- Ken. It's written in strokes the width of a superhighway. Despite the relationship between he and Barbie, it is clear that he is among the more misunderstood citizens of Sunnyside. And even as he had for a time attained a certain level of power before Andy's toys came, he was obviously in a relegated position with noone to really grasp what he was truly about. Much of this begins to change as the recently dejected blonde happily accepts him as a part of a "complete set". Being that they are toys, it is in the clothes-loving that things take a pretty obvious metaphor, and are upgraded by a sense of playfully adult humor without beating his thematic change into our minds. It's a sweet little subplot that ends pitch-beautifully by making him a new leader. Someone who grasps the hopes and dreams of the whole, as opposed to the fearful few.

- To a lesser degree, but no less amusing, Buzz Lightyear's Demo Mode mishap. By leaving the ever-dashing rocket man in Espanol mode, he takes on a romantic persona that comes off as a little superficial until one realizes, we're watching a big budget family film with aggressively fast subtitles. Something that could never have been considered ten years ago. A little something that only gets better as part of the Buzz/ Jessie subplot gathers steam throughout the whole film. And Jessie's growing approval of Mr. Lightyear via this technical goofup is a more than appropriate testament toward shifting cultural attitudes. It could also be argued that the switch on Buzz's back can be seen as a visual nod toward the splintering changes that are beginning to blossom in most unexpected places.

- Andy's decision in the finale & the inclusion of little Bonnie are also strong notions that change, while inevitable, do not have to remain bittersweet as long as there are new minds pouring new thoughts into the mix. After all, in the Toy Story universe, a toy's greatest joys are to be played with & to be there when a child needs them most. For Andy to keep Woody with him at college is fine and sweet. (It is indeed possible that the classic cowboy doll was a keepsake of his never seen father's) But in order for the toys to have a longevity of need, it is important that they remain in the service of the young. Hence the transition. As much as I love many of my old toys, it does pain me to merely leave them shelved. To see Woody and friends in the hands of such a spry, imaginative soul is not only evidence of the immortality of the inner child, but of all of us who long to retain the spirit of one.

Sunday, June 20, 2010

Some Thoughts Regarding Toy Story 3....

Toy Story 3 will make one believe that trilogies can make perfection.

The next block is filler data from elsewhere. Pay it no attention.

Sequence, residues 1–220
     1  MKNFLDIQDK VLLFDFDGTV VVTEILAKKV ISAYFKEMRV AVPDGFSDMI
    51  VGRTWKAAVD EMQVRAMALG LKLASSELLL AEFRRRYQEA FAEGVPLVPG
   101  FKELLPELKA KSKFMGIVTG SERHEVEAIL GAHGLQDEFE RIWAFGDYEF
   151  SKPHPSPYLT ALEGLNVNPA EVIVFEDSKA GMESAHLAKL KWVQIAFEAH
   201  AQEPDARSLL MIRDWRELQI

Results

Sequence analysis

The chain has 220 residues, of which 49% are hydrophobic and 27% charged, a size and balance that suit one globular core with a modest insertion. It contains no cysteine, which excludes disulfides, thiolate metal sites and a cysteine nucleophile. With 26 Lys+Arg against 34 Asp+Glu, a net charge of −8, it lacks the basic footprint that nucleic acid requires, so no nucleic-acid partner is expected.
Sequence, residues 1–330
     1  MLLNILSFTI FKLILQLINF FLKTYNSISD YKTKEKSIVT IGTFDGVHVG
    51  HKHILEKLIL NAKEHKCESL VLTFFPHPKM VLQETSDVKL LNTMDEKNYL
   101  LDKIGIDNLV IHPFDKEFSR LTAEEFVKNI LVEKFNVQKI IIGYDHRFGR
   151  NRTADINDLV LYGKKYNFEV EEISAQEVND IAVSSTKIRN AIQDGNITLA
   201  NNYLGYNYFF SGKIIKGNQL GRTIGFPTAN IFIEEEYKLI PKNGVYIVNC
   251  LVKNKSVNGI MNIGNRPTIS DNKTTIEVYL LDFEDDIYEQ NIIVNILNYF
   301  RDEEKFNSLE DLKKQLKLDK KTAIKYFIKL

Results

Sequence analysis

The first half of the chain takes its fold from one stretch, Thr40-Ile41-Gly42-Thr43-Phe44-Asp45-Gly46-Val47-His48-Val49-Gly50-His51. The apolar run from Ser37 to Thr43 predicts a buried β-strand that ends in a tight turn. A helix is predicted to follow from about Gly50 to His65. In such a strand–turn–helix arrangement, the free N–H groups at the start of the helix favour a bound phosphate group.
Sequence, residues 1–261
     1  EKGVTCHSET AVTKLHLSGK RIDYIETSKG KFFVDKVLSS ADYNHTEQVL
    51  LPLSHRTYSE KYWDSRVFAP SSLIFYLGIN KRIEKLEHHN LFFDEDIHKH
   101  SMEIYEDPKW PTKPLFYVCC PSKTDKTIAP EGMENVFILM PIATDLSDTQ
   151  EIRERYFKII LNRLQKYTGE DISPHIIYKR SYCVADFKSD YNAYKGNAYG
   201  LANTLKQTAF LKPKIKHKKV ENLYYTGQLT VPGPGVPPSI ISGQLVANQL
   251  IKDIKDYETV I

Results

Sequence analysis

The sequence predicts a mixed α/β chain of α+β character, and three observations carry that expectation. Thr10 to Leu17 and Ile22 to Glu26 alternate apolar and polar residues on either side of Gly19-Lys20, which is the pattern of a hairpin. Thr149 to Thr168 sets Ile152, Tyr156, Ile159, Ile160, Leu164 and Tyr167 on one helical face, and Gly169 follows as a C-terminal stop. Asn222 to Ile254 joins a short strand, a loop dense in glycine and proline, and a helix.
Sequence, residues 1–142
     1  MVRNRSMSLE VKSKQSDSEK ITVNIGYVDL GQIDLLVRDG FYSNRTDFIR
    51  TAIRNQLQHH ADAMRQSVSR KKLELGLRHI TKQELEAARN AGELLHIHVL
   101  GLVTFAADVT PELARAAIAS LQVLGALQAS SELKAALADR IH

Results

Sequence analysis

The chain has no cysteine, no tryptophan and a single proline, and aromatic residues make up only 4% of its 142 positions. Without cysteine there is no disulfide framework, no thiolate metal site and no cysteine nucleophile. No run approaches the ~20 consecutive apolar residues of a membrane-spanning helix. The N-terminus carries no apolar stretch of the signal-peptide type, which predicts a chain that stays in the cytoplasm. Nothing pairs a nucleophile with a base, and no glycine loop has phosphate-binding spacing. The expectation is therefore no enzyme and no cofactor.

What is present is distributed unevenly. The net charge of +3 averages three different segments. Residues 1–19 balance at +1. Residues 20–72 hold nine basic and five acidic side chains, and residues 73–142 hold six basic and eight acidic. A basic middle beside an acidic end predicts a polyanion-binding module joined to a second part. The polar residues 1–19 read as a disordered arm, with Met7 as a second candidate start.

And while I'm sure there'll be a few out there willing to make this curmudgeon eat a little crow for that slice of hyperbole, but I can't really find a more subtly accurate description for Lee Unkrich's fitting swan song to PIXAR's signature franchise. But more than that, it was a franchise borne from a most unlikely milestone. 1995's Toy Story was the now-legendary studio's claim to fame, and a more than brilliant means to tap an entire cross-section of generations by way of a most universal premise. To imagine a world populated by sentient toys and their lives unbeknownst to their owners is still by and large a stroke of conceptual genius brought to life by then PIXAR pioneer, John Lasseter. And having seen all of these films in their opening weekends, it is no secret that more than a PIXAR fan, I'm a huge Toy Story lover.

So seeing how TS3 ranks alongside its predecessors prior to seeing it, I must admit to being more than a little suspicious. Since Disney acquired PIXAR after years of relative independence, it was at a point when the studio's output began to waver a little for me. The thought that they had suddenly begun to go back on their promise of not being "in the sequel business" hurt a little of my respect. Wall-E & Up! Notwthstanding, there was something brewing within the ranks that made me concerned that the very announcement of a third Toy Story film was something to be feared. How does one even consider topping two terrific family films that helped break the mold for modern fare & introduced the world to the possibilities of fully digital cinema? After the thematic upgrade of the second film, it only felt natural that the world of Andy(John Morris)'s toys would continue on without another film. And adding ten years of film trend evolution, it almost seemed destined to be little more than one last cash grab before the new PIXAR is to become something a little less cavalier, and closer in tone to ever safe Dreamworks.

Thankfully, none of this has come to pass, and the film is a beautiful summation of not only the film series itself, but a bold allegory for a world changing. From the ashes of the "look at what we've wrought" darkness of Wall-E, Toy Story 3 handles both the sorrows and joys of letting go.

Transition is all over this film. 

From the central plot involving a now 17 year old Andy's transitioning into college, and the reaction of his childhood toys now negected in a sealed toy box, possibly awaiting a lifetime in the attic. (or worse, the landfill) What in many ways seems to be the skeleton of a typical Toy Story film is cleverly twisted into an exciting and at times emotionally punishing mediation on a world divided by the simplest of mistakes.

And that's all it is...a mistake.